You can endure many hardships in life if you have art, the Spanish Filipino painter Betsy Westendorp was once quoted as saying.
In 2016, word reached the artist in Manila that her daughter Isabel had died in Madrid.
Rather than immediately book a flight to Spain—what would be the point? she thought—Westendorp turned to her easel and painted one of her atmosferografias: a moody skyscape featuring blood-red and gray-white clouds against a darkening blue sky.
She called it “Passage,” a reference to her daughter’s transition into another state of being perhaps, but also a reminder that beauty endures in spite of, or even because of, human suffering.
In painting “Passage,” the artist had imbued a private tragedy with a universal meaning.
It was a process she was all too familiar with: Her young grandson had also died unexpectedly 10 years before, and in 1976 she lost her beloved husband Antonio Brias, an absence she rendered in the haunting group portrait “Incomplete Family.”
In each case, her art was a refuge from grief.
“Painting allows you to keep on going,” she often said.
Portrait painter of powerful and wealthy
It is no coincidence, then, that a major retrospective of Westendorp’s work, which opens at Metropolitan Museum of Manila (MET) on Jan. 29, is called “Passages”: in her 93 years on earth, the artist has gone through many—tragic and joyful.
For Filipinos of a certain age, Westendorp is best remembered for the idealized portraits of Ferdinand and Imelda Marcos and their children, made when they were at the height of their power. The memory is all the more vivid when one recalls that these portraits were what greeted participants in the Edsa revolt when they broke into Malacañang in 1986. (The late critic Alice Guillermo once tartly described them as “without doubt idealist in which vanity and flattery are at full play… self-contained images above human struggle and strife.”)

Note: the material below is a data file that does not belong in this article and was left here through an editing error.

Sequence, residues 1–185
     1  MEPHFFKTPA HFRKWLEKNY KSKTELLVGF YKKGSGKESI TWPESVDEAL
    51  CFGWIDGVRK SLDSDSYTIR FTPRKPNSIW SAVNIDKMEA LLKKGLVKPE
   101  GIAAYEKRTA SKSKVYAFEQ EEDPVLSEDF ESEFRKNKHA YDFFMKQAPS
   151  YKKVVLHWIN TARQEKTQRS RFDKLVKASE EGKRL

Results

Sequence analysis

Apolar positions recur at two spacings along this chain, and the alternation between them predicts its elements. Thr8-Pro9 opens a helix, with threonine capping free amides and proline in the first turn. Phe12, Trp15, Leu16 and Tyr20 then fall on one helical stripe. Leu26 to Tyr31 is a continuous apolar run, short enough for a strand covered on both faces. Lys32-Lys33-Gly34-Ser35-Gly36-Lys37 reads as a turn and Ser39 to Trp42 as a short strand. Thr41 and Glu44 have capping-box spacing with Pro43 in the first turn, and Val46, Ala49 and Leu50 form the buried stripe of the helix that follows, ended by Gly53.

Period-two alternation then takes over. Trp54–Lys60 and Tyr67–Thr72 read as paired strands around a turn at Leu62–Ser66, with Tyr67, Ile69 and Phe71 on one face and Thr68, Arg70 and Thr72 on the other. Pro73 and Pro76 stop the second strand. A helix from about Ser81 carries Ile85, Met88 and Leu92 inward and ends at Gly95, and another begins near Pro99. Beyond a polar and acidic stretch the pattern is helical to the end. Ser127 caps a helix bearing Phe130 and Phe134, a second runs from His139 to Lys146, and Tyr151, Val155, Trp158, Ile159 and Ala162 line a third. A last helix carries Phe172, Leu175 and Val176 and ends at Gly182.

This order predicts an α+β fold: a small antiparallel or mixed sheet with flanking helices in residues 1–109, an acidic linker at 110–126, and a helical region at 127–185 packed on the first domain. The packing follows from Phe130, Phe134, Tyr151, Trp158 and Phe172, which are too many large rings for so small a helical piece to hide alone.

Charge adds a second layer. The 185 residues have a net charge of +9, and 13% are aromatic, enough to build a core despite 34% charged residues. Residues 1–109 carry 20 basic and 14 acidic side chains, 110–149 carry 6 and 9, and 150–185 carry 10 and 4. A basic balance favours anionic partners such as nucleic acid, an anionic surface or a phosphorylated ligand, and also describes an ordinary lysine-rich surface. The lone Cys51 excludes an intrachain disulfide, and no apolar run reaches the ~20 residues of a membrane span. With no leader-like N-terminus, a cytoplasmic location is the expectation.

“It’s the way I paint,” Westendorp said.
According to architect Emmanuel Miñana, one of the organizers of the retrospective:
“She began her artistic career on a rarefied platform as portrait painter of the powerful and wealthy, breathing into her canvases an abstractive deconstructivism, contrasting with the more classic hand of the portrait masters of the day. Her portraits have shown confidence and a strong presence seen in her vigorous strokes and an assured contemporary minimalism, like rendering the barong tagalog of an important sitting subject almost in squiggles and lines. This departure from classic portraiture of the day showcases Betsy’s unique and voluble voice as a portrait painter.”
In hindsight, it’s one period among many in a long career that spans more than 60 years, a lifetime’s work distilled in the more than 90 paintings gathered together for “Passages.”
Born in 1927, the artist took her decidedly non-Hispanic name from her grandaunt and godmother, a Dutch painter of some note named Betsy Westendorp Osieck.
Her early childhood was marked by the grim, fratricidal Spanish civil war, an ordeal from which drawing and painting provided a momentary escape.
According to the exhibition notes, Westendorp discovered she had a knack for portraiture, and would sketch her brother and sisters from life.
In any case, from a young age she knew that she was destined for the life of an artist.
Natural, autodidactic style
When she came of age, she told her mother she wanted to study the fine arts, but her grandmother objected, reasoning that art school would expose the young Betsy to naked male models and all manner of bohemian sinfulness.
Instead, she found a private tutor, a well-known portrait painter, who gave Westendorp her first formal lessons in art.
Eventually, however, she found her natural, autodidactic style yielded better results than the academic method taught her. (Her numerous sitters over the years seemed to prefer it, too.)
In 1951, she met and married the dashing Brias, Spanish Filipino future San Miguel Corp. executive, thus beginning her long love affair with her adopted country.
The couple was soon dividing their time between Madrid and Manila, where she embarked on her first career as a portraitist. She continued to paint portraits when her family moved back to Madrid in 1965.